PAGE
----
How filthy words can save the nation

Darren D'Altorio

George Carlin was a badass, plain and simple.

If you think you can argue that fact, you’re purely an idiot, a victim of the wimpization of modern culture. And if you don’t know who George Carlin is, you’re also an idiot and most likely wimpified by default of your own ignorance.

Before we move on, I made up the word wimpization. Because I’m writing about George Carlin, I feel I have the liberty to make up words.

The U.S. is being ransacked by simple-minded douchebags. Nowadays, the skin of our nation is so soft that popping a zit on its blemished face would induce profuse bleeding. Then, instead of nursing the pockmark the old way, with a little spit and a pat with the inside of a T-shirt, the wounded would ask for a Band-Aid or a bailout. The government should just start passing out tampons because the Statue of Liberty is on her period.


It’s goddamn pathetic. If I’ve offended any Bible thumpers with my in-vain vocabulary, feel free to throw the good book at me.

George had the power to illuminate the failures of our society through humor, sending the notion of patriotism into a tailspin. George was a real American, a man who understood what the founding principles of this country were, before they were pissed on by politicians and constituents alike. George had the kind of balls AC/DC’s Bon Scott shrieks about in the song “Big Balls.”

George wasn’t afraid to be entertained by the war in Iraq, either of them, citing America’s favorite pastime, “bombing brown people,” as the sole purpose for engaging in battle. He noted the positive effects.

Furthermore, George wasn’t scared to mock mainstream news for fear-mongering, scaring our grandparents indoors with terrorist threats and pandemic propaganda. Now, in George’s absence, there are facemasks for sale at CVS and Walgreens in fear of swine flu. I pulled up next to an old lady last week who was driving a Cadillac Escalade, wearing a swine flu facemask. Can anyone appreciate the irony in that situation? Or should I say stupidity.


What’s happening in America is an outbreak of political correctness, a notion George assassinated like American forces who target insurgents and pirates. Notorious lawyer and civil rights activist Richard Olivito, an Ohio native, told me personally that political correctness is plaguing the nation, burying the truth in the process. This man’s life has been threatened because of his stance on social issues and his actions against injustice. He doesn’t walk on eggshells when stating his beliefs.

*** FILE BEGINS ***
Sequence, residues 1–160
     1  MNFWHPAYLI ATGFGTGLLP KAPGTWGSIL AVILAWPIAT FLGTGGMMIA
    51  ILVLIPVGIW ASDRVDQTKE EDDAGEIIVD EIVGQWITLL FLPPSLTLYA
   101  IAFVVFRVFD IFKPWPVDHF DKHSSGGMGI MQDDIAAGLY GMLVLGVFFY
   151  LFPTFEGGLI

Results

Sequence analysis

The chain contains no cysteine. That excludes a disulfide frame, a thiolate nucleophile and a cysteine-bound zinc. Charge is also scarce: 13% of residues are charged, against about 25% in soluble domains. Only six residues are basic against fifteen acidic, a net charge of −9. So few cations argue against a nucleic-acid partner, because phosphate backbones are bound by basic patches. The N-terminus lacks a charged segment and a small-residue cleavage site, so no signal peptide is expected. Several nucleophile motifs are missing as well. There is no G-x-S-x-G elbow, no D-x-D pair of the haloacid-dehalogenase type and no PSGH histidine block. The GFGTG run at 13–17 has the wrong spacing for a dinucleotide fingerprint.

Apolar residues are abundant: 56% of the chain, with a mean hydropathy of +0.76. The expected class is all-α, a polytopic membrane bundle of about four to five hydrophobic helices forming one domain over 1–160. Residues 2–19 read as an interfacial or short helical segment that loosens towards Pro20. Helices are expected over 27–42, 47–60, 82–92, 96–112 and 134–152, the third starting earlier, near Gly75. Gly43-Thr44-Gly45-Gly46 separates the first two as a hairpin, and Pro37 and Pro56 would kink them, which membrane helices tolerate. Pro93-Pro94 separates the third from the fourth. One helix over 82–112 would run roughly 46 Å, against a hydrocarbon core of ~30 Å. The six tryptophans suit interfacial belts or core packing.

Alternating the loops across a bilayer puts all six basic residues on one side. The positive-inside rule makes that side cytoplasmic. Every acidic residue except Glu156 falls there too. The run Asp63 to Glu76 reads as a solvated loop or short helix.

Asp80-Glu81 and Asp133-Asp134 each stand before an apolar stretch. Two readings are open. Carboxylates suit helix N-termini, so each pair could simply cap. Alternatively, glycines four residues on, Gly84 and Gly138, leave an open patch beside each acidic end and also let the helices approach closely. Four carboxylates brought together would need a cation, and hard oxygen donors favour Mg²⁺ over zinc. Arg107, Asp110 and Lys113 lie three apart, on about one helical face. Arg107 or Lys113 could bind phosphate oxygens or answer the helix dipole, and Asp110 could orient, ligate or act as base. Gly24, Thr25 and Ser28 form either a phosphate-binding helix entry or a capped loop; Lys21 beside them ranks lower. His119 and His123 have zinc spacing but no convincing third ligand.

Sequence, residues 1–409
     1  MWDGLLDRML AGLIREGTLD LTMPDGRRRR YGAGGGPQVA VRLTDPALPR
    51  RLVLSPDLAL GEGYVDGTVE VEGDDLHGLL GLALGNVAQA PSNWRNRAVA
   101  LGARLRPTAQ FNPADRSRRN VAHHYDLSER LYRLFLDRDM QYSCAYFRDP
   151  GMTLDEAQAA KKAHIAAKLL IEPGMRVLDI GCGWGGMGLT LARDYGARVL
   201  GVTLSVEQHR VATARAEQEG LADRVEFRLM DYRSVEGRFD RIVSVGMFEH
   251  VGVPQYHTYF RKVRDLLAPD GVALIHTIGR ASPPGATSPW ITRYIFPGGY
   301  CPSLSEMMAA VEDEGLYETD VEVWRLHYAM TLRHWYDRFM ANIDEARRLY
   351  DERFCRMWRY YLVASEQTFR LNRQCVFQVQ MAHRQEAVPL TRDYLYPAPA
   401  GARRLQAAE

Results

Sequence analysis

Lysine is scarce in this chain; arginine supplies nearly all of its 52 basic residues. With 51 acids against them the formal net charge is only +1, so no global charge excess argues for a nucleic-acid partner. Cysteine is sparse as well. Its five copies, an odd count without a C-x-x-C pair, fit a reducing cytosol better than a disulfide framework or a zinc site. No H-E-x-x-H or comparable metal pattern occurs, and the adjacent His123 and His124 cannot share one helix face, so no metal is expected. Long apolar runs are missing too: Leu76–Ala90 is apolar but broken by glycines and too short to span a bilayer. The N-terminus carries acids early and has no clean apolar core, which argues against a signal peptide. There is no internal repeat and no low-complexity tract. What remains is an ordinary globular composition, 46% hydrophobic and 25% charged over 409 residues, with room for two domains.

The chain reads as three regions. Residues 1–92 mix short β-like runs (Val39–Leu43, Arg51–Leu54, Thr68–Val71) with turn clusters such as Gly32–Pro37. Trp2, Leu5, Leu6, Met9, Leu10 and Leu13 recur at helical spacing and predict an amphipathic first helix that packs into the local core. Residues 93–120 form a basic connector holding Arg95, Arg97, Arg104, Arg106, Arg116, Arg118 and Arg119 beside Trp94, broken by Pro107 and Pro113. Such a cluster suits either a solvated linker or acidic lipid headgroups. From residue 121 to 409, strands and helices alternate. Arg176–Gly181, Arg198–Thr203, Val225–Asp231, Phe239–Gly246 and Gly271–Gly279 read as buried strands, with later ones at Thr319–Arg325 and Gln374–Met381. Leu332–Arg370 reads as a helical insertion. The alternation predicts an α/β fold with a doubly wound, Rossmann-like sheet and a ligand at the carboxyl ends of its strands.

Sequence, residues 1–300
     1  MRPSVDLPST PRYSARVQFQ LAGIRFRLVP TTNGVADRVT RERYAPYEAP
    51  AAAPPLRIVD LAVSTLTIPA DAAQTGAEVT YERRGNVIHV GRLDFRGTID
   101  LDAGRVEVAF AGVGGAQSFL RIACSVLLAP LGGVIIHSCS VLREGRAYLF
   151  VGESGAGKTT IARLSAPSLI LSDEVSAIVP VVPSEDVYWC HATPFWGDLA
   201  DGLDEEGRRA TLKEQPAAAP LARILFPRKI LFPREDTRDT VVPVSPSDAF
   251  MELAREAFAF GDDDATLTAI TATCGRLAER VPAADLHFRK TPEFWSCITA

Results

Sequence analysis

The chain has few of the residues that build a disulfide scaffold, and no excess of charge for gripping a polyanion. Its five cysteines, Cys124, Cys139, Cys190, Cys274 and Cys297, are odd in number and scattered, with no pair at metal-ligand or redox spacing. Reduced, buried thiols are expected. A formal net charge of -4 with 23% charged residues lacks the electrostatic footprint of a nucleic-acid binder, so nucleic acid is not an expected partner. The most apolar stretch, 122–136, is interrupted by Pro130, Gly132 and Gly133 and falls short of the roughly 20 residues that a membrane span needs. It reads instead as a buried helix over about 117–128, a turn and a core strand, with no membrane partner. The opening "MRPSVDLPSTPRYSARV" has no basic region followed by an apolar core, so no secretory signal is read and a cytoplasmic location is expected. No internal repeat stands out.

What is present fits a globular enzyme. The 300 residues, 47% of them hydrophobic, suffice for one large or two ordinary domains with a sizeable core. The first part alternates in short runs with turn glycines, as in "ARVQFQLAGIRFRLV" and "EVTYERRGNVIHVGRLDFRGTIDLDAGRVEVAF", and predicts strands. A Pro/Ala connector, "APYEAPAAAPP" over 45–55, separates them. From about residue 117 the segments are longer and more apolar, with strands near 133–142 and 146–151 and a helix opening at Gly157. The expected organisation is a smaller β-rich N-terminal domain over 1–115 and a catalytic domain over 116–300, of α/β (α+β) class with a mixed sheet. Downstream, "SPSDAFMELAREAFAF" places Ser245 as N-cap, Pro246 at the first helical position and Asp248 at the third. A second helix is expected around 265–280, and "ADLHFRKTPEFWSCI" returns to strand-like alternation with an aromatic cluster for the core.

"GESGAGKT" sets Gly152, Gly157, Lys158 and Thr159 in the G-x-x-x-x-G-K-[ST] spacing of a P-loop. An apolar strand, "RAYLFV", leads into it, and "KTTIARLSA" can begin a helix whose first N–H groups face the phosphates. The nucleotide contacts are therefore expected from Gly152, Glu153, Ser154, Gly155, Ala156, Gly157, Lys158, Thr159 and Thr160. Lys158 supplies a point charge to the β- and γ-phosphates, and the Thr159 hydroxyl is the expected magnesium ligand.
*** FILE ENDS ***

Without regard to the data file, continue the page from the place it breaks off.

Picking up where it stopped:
But now, to be patriotic in America means to sit down, shut up and take whatever earmarked or pork-barreled bullshit that comes out of Washington right up the sphincter. Lively debate doesn’t exist anymore because people’s feelings get hurt. Activism is dead thanks to the digital demise of our society. Fat pricks with a modem and a Frosty from Wendy’s can pretend to have a voice by starting a Facebook group or a blog.


I miss George Carlin. I miss his passion. I miss his wit. I miss his intelligence. I miss his vulgarity. My Allah, he was a vulgar son of a bitch, and I thank Buddha for that.

People forget: When passion is the driving force behind a message, the person delivering that message might let some profane realness escape his or her lips. George did that. He brought beauty to “dirty” words by showing their versatility, by using them in ways that evoked passion from him and his audiences in the form of laughter.

The funny thing about George, besides his many books and his immortalized-in-video stand-up comedy acts, is the fact he thought he was a bad American. He said he’s a bad American because he likes to do this thing called “thinking.”

“I’m not a very good American because I like to form my own opinions,” George said. “I don’t just roll over when I’m told to.”

God bless George Carlin.

Oh, and America, too.

Darren D’Altorio is a senior magazine journalism major and columnist for the Daily Kent Stater. Contact him at [email protected].